After avoiding any endorsement in the last governor’s race in 2013, the Richmond Times-Dispatch, Virginia’s paper-of-record, picked Republican Ed Gillespie Friday.
“He is a realistic conservative who understands the gradual changes in Virginia,” the 167-year-old Times-Dispatch writes of Gillespie. “[He] is able to appreciate and protect the improvements while recognizing the problems, which are frequently spurred by creeping blue-state calls for bigger and more intrusive government.”
The Gillespie endorsement is not terribly hard on his opponent, Democratic incumbent Lt. Gov. Ralph Northam, despite his association with Gov. Terry McAuliffe, who the Times-Dispatch did not find fit to endorse: “[Northam] is fit for the job of governor. But he is the second-best choice to lead Virginia, not so much because of any defects on his part, but because of the abundant strengths of his opponent.”
The Times-Dispatch is best described as a moderate paper with a conservative history. It refused to endorse President Donald Trump last year after endorsing every Republican nominee since Ronald Reagan. “Neither Donald Trump nor Hillary Clinton meets the fundamental moral and professional standards we have every right to expect of an American president,” the Times-Dispatch editorial board wrote then.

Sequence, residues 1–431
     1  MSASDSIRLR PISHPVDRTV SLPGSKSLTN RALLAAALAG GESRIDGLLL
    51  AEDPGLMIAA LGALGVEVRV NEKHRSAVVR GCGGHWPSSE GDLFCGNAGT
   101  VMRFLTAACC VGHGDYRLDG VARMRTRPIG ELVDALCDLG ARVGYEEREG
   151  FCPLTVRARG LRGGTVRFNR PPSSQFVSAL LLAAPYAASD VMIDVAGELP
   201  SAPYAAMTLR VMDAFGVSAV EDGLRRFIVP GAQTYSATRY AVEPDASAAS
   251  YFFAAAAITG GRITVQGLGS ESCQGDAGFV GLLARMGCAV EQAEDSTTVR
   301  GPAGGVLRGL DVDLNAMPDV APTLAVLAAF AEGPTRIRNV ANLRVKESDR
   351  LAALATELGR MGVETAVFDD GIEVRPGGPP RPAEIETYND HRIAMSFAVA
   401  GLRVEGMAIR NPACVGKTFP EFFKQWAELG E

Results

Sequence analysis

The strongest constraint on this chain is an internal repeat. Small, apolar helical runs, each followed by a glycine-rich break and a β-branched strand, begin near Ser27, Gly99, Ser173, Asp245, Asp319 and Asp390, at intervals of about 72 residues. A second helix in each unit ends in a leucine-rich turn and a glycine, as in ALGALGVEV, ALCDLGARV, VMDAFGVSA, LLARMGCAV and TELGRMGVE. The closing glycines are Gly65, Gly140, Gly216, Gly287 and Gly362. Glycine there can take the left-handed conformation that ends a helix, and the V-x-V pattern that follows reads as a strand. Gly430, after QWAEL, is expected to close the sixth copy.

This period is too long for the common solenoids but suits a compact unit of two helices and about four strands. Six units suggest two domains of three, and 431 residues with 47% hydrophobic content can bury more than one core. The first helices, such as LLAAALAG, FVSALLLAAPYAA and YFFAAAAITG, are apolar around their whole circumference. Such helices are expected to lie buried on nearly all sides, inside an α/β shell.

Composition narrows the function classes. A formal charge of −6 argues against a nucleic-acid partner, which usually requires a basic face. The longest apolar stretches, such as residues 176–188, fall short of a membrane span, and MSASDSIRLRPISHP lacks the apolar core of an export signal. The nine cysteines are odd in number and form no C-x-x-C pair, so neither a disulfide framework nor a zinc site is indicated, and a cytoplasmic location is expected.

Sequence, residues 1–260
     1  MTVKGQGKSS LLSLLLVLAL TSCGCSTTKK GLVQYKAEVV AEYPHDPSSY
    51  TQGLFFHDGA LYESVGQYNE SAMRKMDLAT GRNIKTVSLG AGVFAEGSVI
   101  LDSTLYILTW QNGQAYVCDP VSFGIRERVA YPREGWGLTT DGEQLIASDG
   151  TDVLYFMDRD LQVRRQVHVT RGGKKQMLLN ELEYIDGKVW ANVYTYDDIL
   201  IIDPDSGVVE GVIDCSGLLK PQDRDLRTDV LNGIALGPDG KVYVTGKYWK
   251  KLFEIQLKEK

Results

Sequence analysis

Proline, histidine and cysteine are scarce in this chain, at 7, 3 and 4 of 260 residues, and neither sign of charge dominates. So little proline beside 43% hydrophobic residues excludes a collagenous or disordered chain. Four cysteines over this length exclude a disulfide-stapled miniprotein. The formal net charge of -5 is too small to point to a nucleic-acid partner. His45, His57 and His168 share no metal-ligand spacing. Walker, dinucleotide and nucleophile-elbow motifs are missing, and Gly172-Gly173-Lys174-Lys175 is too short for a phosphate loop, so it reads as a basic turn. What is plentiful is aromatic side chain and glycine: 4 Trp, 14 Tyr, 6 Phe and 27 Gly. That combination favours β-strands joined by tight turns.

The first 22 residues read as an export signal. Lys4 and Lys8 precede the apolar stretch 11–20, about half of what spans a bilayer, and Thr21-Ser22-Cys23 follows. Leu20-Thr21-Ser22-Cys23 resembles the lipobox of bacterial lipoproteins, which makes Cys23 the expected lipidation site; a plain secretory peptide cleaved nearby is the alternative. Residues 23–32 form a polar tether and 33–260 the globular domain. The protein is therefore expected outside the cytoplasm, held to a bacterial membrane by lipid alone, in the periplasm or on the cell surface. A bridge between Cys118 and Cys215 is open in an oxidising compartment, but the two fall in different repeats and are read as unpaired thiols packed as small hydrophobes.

Keeping with that tradition, the paper’s endorsement of Gillespie focuses on this economic agenda. “[Gillespie’s] campaign has focused on helping boost economic growth and job creation. Its centerpiece is a highly responsible and straightforward plan to cut every Virginian’s state income tax by 10 percent,” they write. “Despite hysterical claims to the contrary, Gillespie’s tax reforms will let workers keep more in their wallets, while protecting the commonwealth’s ability to meet its fundamental responsibilities, with a comfortable margin of error.”
Cultural issues like Virginia’s Confederate history and the election-defining squabble over illegal-immigration fueled transnational gangs like MS-13 are, by contrast, largely ignored. The endorsement makes only an oblique reference to “the occasional nasty campaign flier or 30-second TV spot.”
Gillespie upended the race last month when we launched a series of ads highlighting Virginia’s infiltration by thousands of members of the vicious MS-13 gang, many of them illegal aliens from El Salvador and other Central American countries. Northam refused to back a bill that would prevent Virginia cities from adopting “sanctuary” policies that could fuel these transnational gangs. Presumably, it is these ads the Times-Dispatch finds objectionable.
Some of Gillespie’s detractors have, meanwhile, tried to link him to racism, a strategy Northam’s campaign itself has seized upon with the “nasty campaign fliers” to which the Times-Dispatch referred.